Argentina to produce more apples, pears in 2011 season, USDA says
A combination of good weather and more plantations entering production are expected to raise Argentina’s apple yield to 990,000 metric tons (MT) in the calendar year (CY) 2011, up from an estimated 830,000 MT in CY 2010, according to the report. Of this, 230,000 MT are expected to be exported, compared with 180,000 MT in CY 2010.
Pear production is also expected to rebound after a bad year, to 790,000 MT in CY 2011, compared with an estimated 650,000 MT in CY 2010. Frosts that damaged trees and yielded fruit too small for export accounted for the decrease, the report said. Exports of pears are expected to increase to 460,000 MT, compared with 370,000 MT in CY 2010.
Table grape production is expected to remain mostly unchanged, with an estimate of 145,000 MT for CY 2011, compared with 140,000 for CY 2010. Exports in 2011 are expected to reach 60,000 MT, up from an estimated 55,000 MT in CY 2010.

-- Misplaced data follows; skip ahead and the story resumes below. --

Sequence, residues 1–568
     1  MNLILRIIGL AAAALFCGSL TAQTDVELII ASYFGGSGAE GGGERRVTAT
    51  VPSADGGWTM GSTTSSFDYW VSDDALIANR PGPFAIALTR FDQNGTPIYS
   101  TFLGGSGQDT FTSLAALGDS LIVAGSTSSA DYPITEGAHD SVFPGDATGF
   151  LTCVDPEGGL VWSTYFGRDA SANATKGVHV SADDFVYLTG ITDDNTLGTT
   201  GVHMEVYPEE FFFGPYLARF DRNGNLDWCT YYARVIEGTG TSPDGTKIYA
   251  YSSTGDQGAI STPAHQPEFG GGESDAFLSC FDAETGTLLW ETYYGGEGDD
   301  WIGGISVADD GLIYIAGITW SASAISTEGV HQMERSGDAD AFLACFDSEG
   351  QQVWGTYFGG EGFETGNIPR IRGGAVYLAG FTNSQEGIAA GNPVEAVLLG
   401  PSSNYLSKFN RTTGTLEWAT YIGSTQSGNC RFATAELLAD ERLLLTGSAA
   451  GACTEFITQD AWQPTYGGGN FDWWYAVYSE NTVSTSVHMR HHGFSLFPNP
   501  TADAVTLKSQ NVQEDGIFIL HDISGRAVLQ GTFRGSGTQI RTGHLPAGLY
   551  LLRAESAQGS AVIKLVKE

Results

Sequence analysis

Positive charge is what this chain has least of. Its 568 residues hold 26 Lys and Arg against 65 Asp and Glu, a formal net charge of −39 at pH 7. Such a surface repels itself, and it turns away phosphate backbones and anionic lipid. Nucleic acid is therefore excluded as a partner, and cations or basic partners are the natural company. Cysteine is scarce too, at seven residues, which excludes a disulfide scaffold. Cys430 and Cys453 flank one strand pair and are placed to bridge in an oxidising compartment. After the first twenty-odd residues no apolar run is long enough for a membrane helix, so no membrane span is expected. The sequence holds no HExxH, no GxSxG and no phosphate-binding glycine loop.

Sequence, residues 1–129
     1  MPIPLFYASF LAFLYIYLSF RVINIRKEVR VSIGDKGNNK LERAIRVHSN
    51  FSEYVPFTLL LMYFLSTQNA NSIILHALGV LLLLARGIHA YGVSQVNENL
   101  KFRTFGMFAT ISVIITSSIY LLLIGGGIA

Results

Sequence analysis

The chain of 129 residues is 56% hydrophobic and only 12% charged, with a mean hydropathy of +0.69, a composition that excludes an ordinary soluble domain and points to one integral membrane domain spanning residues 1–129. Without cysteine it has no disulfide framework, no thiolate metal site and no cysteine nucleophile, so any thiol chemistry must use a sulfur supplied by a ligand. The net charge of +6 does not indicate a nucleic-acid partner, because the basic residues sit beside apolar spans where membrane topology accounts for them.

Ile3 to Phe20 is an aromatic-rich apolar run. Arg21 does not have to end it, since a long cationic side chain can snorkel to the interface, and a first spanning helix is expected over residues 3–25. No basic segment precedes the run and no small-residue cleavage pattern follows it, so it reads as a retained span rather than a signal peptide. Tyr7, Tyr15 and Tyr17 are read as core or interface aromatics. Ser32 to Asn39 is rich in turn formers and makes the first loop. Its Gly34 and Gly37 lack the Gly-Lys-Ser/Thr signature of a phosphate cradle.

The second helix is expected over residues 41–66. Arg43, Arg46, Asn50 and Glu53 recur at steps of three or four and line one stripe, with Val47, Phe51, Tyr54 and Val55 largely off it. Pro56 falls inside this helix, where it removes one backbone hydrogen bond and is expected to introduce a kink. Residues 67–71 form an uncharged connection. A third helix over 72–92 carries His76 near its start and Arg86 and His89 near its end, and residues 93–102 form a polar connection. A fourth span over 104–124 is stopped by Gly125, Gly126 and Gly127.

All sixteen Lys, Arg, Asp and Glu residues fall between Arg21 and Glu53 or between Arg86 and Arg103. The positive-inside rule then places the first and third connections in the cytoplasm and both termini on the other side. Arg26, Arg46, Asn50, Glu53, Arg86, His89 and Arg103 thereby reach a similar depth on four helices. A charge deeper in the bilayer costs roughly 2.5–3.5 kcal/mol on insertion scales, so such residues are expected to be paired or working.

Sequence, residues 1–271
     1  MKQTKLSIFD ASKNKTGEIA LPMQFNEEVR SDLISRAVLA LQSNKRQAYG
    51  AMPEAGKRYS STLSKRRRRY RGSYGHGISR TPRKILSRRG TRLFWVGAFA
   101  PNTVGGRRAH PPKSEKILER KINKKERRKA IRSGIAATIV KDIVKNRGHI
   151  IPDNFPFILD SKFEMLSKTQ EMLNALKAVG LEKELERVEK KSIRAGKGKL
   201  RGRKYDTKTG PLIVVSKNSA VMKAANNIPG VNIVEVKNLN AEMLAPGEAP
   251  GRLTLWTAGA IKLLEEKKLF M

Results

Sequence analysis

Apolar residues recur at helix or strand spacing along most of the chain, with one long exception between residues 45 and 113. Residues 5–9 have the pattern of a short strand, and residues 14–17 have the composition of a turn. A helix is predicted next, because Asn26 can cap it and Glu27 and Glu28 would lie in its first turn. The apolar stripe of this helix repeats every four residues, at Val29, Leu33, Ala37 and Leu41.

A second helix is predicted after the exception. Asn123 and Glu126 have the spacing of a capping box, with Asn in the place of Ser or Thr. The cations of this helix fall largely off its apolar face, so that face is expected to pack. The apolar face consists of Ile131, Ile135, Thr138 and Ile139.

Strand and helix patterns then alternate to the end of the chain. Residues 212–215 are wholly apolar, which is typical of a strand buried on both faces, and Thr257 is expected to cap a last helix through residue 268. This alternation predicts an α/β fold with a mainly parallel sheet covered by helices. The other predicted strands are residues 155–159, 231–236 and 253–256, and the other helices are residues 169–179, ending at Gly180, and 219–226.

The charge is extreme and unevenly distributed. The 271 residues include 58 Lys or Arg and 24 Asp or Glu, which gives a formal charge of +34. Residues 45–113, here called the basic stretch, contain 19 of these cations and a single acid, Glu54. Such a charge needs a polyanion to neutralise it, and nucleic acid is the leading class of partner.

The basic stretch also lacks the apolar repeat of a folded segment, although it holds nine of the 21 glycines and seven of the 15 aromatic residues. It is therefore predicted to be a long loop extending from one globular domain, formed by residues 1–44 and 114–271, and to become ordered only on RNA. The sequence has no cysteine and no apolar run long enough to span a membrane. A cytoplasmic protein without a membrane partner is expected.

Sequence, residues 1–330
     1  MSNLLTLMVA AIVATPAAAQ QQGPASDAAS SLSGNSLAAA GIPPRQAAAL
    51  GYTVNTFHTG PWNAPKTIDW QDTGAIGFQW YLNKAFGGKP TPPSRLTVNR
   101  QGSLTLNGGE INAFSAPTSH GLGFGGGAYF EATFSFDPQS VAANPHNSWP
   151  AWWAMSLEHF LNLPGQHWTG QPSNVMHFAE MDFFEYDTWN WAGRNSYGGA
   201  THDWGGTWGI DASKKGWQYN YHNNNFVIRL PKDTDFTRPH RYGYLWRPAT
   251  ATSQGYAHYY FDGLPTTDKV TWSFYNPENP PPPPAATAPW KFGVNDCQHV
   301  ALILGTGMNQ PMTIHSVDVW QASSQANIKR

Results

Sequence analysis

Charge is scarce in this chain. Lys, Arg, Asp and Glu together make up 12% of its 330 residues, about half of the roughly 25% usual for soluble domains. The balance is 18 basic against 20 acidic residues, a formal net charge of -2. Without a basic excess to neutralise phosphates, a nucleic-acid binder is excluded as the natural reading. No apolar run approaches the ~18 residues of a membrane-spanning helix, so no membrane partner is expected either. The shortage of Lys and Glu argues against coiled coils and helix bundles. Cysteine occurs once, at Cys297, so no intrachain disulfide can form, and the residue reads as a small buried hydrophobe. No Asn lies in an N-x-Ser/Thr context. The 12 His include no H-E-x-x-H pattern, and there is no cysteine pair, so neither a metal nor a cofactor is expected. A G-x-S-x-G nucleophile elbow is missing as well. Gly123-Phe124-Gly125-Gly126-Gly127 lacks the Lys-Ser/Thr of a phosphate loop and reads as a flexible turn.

Europe was the main destination market for all three fruits, according to USDA data. From January to June 2010, the market took in 48,140 MT of apples, valued at US $40.3 million. It received 112,412 MT of pears worth $89.5 million and 20,637 MT of grapes, valued at $30.3 million.
Labor costs continued to be an issue in the fruit industry. Labor costs in conventional production increased 25 percent in CY 2010, the report said.
Organic apple and pear production have increased by 4.5 times since 2001, with the most success occurring among non-traditional varieties, such as Cripps Pink and Braeburn apples and Golden Bosc and Rocha pears, the report added.